“It feels like the air is sludge, every movement is a Herculean effort. Your thoughts are world class sprinters with your tongue a weekend jogger trying to catch up as they disappear in the distance. The pain is a big, hollow, indescribable thing that owns you.” – Teddy

“I’m reaching the point now where I’m going to have to reduce my hours at work as I can’t work full time and look after my own home and I don’t even have kids. I have massive respect for all parents with hypothyroidism, I seriously don’t know how you do it!” – Liz

“It’s like swimming through honey and someone filled your head and eyelids with lead. Every movement is such an effort and you really feel you need to just lay down and sleep wherever you can.” – Kathleen

“It’s more than being tired. It’s not ‘you had a late night and are a bit groggy today’ tired, I mean absolutely exhausted. Like you could drop sleep with every blink you take. When getting up the stairs is such a horrendous task, that you have to plan about half an hour before you want to go upstairs, to physically prepare yourself for it. And even then, you need someone to help you. I guarantee, if you do not have a chronic illness, you will not know what this feels like.” – Myself

“I’d say it’s beyond exhaustion. It’s spending every moment consciously having to keep my eyes open, using any energy I do have to stay awake from a major lack of energy. It’s waking up more tired than when you go to bed. It’s almost painful.” – Myself

Add your own in the comments section below. 

If you are on thyroid medication and still having these kinds of issues with fatigue and other symptoms, you are likely not adequately treated, or have other problems you need to address. A properly treated thyroid condition should have no or very few symptoms. Of course, other illness, conditions and deficiencies can cause problems too, so explore them all if possible.

Of course, getting ourselves adequately medicated and finding doctors who will listen to us, is a whole other topic!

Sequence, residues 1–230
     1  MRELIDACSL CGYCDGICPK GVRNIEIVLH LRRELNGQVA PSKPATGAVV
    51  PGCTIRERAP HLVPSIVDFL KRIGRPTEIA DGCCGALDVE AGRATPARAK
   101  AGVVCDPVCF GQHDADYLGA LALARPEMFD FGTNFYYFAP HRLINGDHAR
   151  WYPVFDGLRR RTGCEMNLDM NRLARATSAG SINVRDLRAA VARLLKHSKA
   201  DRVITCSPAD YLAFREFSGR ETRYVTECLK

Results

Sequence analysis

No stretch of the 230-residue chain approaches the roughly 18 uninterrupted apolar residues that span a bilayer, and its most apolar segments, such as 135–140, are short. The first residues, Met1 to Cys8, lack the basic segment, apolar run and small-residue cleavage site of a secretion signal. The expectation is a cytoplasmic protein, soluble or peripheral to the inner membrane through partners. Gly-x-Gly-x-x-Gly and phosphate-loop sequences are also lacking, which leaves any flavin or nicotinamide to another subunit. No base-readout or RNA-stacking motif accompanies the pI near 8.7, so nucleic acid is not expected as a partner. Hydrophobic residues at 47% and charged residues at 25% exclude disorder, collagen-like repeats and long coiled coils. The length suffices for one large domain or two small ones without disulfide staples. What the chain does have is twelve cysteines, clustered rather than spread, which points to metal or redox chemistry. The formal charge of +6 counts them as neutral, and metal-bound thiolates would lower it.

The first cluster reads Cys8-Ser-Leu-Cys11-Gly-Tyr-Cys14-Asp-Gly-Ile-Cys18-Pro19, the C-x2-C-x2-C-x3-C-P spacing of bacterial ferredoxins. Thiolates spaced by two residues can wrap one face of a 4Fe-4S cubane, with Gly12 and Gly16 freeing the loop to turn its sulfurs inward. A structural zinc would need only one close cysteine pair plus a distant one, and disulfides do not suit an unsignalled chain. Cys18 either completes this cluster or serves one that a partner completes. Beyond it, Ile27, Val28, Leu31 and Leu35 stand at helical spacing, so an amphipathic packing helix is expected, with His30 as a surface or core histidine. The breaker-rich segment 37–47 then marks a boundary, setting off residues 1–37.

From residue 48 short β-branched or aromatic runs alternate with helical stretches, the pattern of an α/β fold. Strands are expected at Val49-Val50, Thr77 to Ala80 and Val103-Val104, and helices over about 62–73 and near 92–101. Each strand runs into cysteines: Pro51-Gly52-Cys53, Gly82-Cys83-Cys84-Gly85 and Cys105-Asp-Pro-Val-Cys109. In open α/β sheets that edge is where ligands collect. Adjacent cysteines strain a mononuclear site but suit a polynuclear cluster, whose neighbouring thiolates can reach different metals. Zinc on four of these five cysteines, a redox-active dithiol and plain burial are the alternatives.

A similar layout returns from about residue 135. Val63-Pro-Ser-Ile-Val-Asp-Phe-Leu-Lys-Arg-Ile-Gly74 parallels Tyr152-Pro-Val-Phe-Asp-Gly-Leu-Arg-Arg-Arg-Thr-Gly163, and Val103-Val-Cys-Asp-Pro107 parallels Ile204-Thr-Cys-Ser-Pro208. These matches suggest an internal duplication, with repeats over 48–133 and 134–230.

You can click on the hyperlinks in the above post to learn more and see references to information given.

If you found this article helpful please take a moment to share this post on social media so we can help other Thyroid Warriors get better and spread awareness.

Written by Rachel, The Invisible Hypothyroidism

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Rachel Hill, Thyroid Patient Advocate, blogger and author, has Six 2018 WEGO Health Award Nominations. She is a highly ranked writer appearing in the Top Hypothyroidism Websites and Top Thyroid Websites and has worked with The National Academy of Hypothyroidism, The BBC, The Mighty, Yahoo, MSN and ThyroidChange, to name just a few. She is well-recognised as a useful contributor to the thyroid community and also contributed the foreword to Emily Kyle’s The 30-Minute Thyroid Cookbook.

20 thoughts on “Thyroid Patients Explain What Thyroid Fatigue Really Feels Like

  1. When I have a flare up it’s like the death eaters from Harry Potter have sucked the life from me. I feel like a shell rather than a person and simply getting through the day feels like a marathon effort. I survive on sugar and caffeine to try to keep myself going, just desperate to collapse on the sofa and stop having to think, walk, talk. It’s beyond tired, it’s like constantly swimming against a strong tide and trying desperately not to drown.

  2. It feels like I just pulled 3 all nighters, went a week without eating, and ran a full marathon. It’s a combination of physical and mental exhaustion without having done anything. You have no motivation to do anything, not because you are lazy, but because you’re beyond exhausted, and no amount of sleep makes it better.